A deal well worth the wait
For one emerging-markets issuer at least, the US-led invasion of Iraq has proved a bonus.
On January 21, the Government of Jamaica launched and priced a five-year, e200 million benchmark bond. Commerzbank Securities and Deutsche Bank were joint lead managers.
Jamaica wanted to do the deal 12 months ago, but worries about Iraq forced it to wait. Tourism accounts for by far the largest single chunk of Jamaica's exports of goods and services – 37% of the $3.2 billion total in 2002. If there was a war, investors feared, anxious Americans would not take foreign holidays and all destinations would suffer.
By the end of the summer, it was clear that they had only got it half right. Fewer US holidaymakers were travelling to Europe. But more were travelling to nearby destinations such as the Caribbean.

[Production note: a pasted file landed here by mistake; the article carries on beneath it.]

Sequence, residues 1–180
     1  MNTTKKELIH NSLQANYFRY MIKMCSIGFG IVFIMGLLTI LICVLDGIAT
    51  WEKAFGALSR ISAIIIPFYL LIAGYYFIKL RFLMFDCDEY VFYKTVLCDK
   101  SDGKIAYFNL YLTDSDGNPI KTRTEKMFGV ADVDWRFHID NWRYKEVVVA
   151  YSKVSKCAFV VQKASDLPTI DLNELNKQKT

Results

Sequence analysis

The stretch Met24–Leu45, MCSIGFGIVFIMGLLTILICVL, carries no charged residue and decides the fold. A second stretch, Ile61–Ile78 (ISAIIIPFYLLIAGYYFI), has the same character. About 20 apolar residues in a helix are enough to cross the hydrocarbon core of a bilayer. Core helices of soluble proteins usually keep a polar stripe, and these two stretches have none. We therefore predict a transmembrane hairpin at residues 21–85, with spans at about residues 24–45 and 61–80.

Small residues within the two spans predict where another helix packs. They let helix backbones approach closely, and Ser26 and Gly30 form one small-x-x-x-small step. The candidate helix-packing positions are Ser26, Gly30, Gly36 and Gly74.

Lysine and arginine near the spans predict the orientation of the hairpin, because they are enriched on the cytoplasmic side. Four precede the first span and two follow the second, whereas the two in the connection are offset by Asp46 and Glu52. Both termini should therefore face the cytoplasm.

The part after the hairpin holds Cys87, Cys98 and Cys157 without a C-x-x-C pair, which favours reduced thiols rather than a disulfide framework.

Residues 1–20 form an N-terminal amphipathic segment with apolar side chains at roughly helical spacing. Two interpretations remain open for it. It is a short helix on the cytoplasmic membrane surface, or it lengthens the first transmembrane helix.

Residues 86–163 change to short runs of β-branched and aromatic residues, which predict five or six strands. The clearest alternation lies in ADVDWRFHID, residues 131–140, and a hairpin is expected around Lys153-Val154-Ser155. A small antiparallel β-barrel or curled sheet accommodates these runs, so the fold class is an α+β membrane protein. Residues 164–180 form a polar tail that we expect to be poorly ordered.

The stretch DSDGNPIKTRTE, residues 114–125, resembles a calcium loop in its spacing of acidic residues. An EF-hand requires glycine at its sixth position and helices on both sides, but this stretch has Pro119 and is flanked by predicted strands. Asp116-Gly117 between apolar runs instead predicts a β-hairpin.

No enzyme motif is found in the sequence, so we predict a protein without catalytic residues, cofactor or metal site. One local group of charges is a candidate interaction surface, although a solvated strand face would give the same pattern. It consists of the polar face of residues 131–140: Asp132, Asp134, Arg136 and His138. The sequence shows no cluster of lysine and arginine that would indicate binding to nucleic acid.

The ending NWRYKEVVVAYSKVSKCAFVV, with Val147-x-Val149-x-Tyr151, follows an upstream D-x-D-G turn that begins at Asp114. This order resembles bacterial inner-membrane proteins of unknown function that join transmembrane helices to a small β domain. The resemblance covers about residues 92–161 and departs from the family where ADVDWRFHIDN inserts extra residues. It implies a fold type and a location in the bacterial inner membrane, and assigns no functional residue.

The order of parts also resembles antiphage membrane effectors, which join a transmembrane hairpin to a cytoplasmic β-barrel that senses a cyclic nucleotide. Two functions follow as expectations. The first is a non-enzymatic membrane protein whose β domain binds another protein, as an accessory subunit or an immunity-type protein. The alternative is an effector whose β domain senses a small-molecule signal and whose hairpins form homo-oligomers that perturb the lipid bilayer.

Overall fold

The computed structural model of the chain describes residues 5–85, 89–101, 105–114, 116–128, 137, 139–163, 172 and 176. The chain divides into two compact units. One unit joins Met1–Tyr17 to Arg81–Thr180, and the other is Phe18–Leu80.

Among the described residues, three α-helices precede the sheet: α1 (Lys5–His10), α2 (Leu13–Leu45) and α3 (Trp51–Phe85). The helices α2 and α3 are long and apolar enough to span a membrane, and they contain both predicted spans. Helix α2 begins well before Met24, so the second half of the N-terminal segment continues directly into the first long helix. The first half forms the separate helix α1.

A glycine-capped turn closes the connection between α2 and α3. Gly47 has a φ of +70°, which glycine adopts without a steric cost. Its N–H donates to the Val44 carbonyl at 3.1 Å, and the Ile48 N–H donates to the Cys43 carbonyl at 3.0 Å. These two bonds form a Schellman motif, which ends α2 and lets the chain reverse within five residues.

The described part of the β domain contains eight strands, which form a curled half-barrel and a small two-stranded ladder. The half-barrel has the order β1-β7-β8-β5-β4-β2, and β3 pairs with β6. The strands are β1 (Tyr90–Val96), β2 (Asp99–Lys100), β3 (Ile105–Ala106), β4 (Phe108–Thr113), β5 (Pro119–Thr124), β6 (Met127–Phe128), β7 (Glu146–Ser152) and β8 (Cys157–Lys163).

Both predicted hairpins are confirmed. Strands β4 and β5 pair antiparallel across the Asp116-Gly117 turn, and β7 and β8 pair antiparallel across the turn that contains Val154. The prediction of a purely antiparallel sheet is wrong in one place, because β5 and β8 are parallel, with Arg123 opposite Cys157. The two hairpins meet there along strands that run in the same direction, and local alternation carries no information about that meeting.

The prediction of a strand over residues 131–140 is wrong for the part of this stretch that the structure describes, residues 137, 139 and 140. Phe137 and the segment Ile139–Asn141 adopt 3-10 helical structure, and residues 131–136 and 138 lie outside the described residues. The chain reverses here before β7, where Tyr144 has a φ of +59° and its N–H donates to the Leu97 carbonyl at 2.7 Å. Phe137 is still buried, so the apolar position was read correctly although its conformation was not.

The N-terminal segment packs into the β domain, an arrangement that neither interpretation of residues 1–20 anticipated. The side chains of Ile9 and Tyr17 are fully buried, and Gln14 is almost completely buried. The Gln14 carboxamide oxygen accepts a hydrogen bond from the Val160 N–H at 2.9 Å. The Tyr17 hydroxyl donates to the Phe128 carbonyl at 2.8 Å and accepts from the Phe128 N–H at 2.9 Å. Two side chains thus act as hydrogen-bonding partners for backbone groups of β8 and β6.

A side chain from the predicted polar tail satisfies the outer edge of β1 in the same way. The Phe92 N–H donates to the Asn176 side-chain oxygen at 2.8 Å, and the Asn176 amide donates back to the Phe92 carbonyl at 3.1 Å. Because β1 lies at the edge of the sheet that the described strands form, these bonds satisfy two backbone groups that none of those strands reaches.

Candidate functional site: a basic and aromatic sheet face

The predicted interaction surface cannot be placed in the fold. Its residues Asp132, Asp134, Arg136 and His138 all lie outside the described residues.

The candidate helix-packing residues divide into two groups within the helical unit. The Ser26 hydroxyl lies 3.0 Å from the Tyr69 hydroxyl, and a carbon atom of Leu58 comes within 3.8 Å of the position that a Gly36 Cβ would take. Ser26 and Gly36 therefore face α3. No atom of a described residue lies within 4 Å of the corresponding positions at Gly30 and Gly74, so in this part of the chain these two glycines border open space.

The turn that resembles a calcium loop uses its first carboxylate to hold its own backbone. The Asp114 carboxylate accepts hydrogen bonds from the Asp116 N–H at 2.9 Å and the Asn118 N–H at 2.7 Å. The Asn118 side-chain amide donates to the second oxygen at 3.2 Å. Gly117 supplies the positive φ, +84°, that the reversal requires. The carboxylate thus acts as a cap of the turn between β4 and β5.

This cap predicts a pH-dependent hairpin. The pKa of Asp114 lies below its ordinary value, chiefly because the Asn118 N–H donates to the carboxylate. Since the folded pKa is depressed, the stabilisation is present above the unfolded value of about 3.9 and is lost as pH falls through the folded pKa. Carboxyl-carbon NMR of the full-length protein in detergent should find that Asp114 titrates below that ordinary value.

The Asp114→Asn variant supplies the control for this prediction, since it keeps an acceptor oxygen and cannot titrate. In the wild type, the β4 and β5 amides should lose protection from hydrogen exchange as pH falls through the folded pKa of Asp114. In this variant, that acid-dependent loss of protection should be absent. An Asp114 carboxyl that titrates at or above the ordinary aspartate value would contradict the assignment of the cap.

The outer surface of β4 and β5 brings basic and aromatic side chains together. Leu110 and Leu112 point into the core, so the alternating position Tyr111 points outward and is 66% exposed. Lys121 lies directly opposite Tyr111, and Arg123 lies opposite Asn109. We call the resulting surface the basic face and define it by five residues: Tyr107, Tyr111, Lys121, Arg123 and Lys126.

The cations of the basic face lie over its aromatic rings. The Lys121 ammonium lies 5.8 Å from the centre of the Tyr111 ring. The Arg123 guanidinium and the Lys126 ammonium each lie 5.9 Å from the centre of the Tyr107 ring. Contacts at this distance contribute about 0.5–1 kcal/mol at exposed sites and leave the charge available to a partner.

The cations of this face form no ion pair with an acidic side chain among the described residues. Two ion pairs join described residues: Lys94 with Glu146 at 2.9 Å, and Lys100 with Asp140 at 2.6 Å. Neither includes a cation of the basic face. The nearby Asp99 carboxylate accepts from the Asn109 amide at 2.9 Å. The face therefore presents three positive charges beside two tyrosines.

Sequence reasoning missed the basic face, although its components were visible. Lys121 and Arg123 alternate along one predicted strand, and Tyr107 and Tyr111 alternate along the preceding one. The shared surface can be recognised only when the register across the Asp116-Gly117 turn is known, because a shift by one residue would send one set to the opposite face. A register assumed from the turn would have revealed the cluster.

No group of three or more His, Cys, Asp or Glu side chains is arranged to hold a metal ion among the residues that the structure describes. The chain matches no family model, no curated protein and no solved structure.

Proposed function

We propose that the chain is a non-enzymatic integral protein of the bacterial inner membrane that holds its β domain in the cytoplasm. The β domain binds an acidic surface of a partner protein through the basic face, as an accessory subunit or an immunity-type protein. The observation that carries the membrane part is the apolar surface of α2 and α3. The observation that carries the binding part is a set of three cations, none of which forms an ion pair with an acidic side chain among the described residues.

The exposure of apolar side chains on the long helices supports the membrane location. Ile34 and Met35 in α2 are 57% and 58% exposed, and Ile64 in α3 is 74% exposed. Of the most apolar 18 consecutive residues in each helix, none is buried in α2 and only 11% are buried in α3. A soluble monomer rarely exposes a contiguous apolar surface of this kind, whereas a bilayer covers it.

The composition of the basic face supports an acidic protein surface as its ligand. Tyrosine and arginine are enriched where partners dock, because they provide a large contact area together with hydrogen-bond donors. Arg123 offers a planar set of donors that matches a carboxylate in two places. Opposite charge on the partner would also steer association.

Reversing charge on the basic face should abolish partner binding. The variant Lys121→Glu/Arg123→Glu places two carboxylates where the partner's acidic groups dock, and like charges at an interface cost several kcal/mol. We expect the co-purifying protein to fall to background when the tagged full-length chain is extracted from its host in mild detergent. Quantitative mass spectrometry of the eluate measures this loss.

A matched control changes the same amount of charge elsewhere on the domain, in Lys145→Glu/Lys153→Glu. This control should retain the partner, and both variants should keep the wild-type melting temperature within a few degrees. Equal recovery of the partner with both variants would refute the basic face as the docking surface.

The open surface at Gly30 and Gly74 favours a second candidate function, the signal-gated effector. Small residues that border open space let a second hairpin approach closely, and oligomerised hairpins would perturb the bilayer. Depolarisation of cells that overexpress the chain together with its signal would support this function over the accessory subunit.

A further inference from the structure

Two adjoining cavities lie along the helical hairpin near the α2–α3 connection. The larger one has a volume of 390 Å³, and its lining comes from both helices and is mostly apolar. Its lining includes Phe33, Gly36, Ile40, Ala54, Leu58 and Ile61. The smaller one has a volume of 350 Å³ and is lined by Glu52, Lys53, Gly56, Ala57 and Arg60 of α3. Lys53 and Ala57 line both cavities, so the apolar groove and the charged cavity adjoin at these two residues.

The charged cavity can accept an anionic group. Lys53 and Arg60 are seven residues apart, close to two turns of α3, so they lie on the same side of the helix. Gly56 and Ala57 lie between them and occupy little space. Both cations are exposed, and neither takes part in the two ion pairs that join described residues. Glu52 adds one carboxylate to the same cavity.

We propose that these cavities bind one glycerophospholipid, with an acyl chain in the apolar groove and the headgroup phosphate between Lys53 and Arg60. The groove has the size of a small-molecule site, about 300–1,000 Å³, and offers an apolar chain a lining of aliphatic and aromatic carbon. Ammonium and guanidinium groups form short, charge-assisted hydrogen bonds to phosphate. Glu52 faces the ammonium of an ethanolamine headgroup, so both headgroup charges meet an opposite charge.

Bounce-back from two-year dive "Investors thought that the war would be a very negative development for Jamaica," says Roman Schmidt, Commerzbank Securities' global head of debt capital markets. "But six months later, tourist receipts were actually up." From January to September 2003, visitors to Jamaica spent around $970 million, reversing a two-year decline.
Armed with this information, a Jamaican team including minister of finance and planning Omar Davies, spent the last week of November on a non-deal roadshow in eight European cities.